The limited menu has a mix of Western and Khmer inspired dishes. I still remember the shrimp in deep fried Taro shreds ($4.75), now that’s different. I also repeatedly ordered the delicious stir fried squid with pepper ($5.75), loved the salted egg that came with it. Another winner is the chicken, steamed in a clay pot ($5.25). Peek into the open kitchen to personally witness the kitchen staff having a good time while cooking your dinner. For me that’s always a good sign.
They were actually the first restaurant in Phnom Penh to adopt a no-plastic policy. Good to see that many other Phnom Penh restaurants followed suit.
2. Trattoria Bello Pizza & Pasta
Opening hours: Everyday from 12am to 2pm and 5:30pm to 9:30pm
Lovely, lovely pizza! Who said only Italians can make good pizza? The owner and some of the staff of Trattoria Bello is Japanese. And it doesn’t matter one bit, because the pizza here is fantastic (yes they have pineapple topping). A warm welcome when you walk in. One of the staff notices you and a shouts “new guest” which triggers all of the staff present to acknowledge you and loudly respond “welcome!”, very Japanese.
Most large pizzas (33cm/13″) are under $10, but there’s a choice of 28cm/11″ and 23cm/9″ as well. My favorite is always the Diavola with spicy sausage and fresh chili, but the Salami/Gorgonzola is a very close second. If you’re more into Pasta, you can choose between several Spaghetti and Penne dishes for about $7 for a large portion.
The restaurant itself is kind of small and unassuming, but they definitely succeeded to create a Trattoria atmosphere. It’s usually quite busy, so best to reserve a table.
3. Sumatra Indonesian Restaurant
Opening hours: Everyday from 11am to 9pm, except Sunday closed.
I love Indonesian food, it’s part of my heritage. So there I was in Phnom Penh and I never knew there was this excellent Indonesian Warung within 10min walking distance from my apartment. I only found out after several months that I had been missing out all this time. Once I did know, I soon became a regular patron.
Sumatra serves authentic Beef Rendang ($4.25), a beef stew originating from Sumatra itself before it became a world renowned dish. Did you know it was once voted worlds best food by CNN readers? I also indulged on Chicken Satay ($4), Ikan Blado ($4.50) and to ensure my veggie fix I ordered the Gado-Gado ($2.5). The accompanying fried rice and noodles ($3) brought back memories of home.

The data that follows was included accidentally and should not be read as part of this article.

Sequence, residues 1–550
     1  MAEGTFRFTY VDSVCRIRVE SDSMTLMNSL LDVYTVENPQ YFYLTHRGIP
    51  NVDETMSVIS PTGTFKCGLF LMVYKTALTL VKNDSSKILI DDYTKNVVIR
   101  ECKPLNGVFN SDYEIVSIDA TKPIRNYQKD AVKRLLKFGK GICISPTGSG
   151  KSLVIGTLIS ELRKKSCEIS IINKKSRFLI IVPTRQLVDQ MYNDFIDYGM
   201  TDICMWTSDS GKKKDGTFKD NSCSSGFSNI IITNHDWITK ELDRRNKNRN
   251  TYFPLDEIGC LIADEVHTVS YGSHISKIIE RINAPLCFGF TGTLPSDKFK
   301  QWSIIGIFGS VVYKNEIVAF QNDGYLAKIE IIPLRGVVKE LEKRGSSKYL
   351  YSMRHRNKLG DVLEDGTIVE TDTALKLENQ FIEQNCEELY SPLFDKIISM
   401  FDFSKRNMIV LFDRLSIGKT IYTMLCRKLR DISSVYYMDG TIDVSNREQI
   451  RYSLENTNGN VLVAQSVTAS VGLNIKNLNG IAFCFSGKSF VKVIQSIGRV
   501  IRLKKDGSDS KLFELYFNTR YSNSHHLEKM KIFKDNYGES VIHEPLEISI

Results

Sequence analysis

Expect a real Warung atmosphere, i.e. no atmosphere at all. However, you are here to enjoy the best Indonesian food in Phnom Penh, nothing else.
4. Greek Souvlaki
Opening hours: Everyday from 10am to 10pm
There aren’t that many Greek restaurants in Phnom Penh. Sure, “Elia Greek Kitchen” restaurant has two branches and is very popular. However, Greek Souvlaki was the first and to this day remains the best value. It’s a tiny place that Nick and his wife built from the ground up into a successful local business.
All the famous Greek flavors are represented in the menu. Tzatziki, Souvlaki, Hummus, Baba Ganoush, Feta, Moussaka, Baklava and the home baked Pita bread is always fresh. Gyros wraps (Chicken $5.90) are large enough to almost feed two persons.
Sample Thursday events have been a big success from the start. Really get to know Greek food that you normally wouldn’t try by sampling various dishes for only $1.50, totally worth it. Less adventurous eaters can always settle for the gyros samplers.
5. “72” Restaurant
Opening hours: Everyday from 6:30am to 9:30pm
This might very well be one of the most underrated restaurants in Phnom Penh. In the middle of Italian, Turkish, Indian and Mexican restaurants you’ll find this Khmer eatery. Talking about rubbing shoulders with the locals, well here it is.
Authentic Khmer food, simple and without frills, cooked by Khmer for Khmer. Several stir fries, stews and soups (traditional Khmer dish), all for $2 or $3. Where the whole of Phnom Penh’s restaurant scene upped their prices post-Covid, these guys didn’t.
No need to feel intimidated by the couleur locale, since the staff is used to deal with the expat population and the occasional tourist has also found his/her way to this place. Rice and tea are complimentary and they feature an English menu.
6. Curry Pot
Opening hours: Everyday from 10:30am to 11pm
Authentic Indian/Nepali food in the heart of Tuol Tompoung. To be honest, I didn’t know typical Nepali from Indian dishes (mental note to myself to research). What I do know is that Curry Pot hits the sweet spot. I still reminisce the piping hot garlic naan bread ($1.75) straight from the pan and scooping up a generous lick of spicy hot Vindaloo Lamb Curry ($6.25). First few bites already had me break out in a sweat only wanting more.
Silky soft Butter Chicken ($5.75) and Prawn Masala ($6.50) did little to soften the chili blaze so we made sure there was a steady flow of one dollar Cambodia beers. Only then did I notice the separate page in the menu dedicated to Nepali food. Too late, completely stuffed without room for so much as even dessert I surrendered (mental note to myself to return).
7. Sundown Social Club
Opening hours: Everyday from 4pm to 12am
Although technically it’s not a restaurant, but a cocktail bar, we have to mention the Sundown Social Club, because it’s unique. And they do have a food menu, so let’s not be difficult. The bar is situated on the rooftop of a two story building right in front of the Russian Market and offers an entertaining view of the zinc roofs and the wet market that comes out at night.
I keep coming back to this place and not just for the craft beer. Cocktails are excellent and the limited menu (mainly burgers and tacos) features fresh and tasty food for ok prices. It can get a little crowded with English teachers and NGO worker expats on weekends, but this only adds to the atmosphere.
8. More Restaurants in Phnom Penh, Russian Market District
8.1 Intégrité Restaurant Cafe & Bar
Another one of our favorite haunts where we spent a lot of evenings is Intégrité Restaurant Café & Bar. As of recently, ownership has changed, but the new owner carries the torch with pride. The current menu is predominantly Thai inspired and the Pad Kee Mao (Thai Drunken Noodles) I ordered proved simply delicious. Same can be said about the steamed Gyozas. Beautifully decorated interior, good service and food made with love.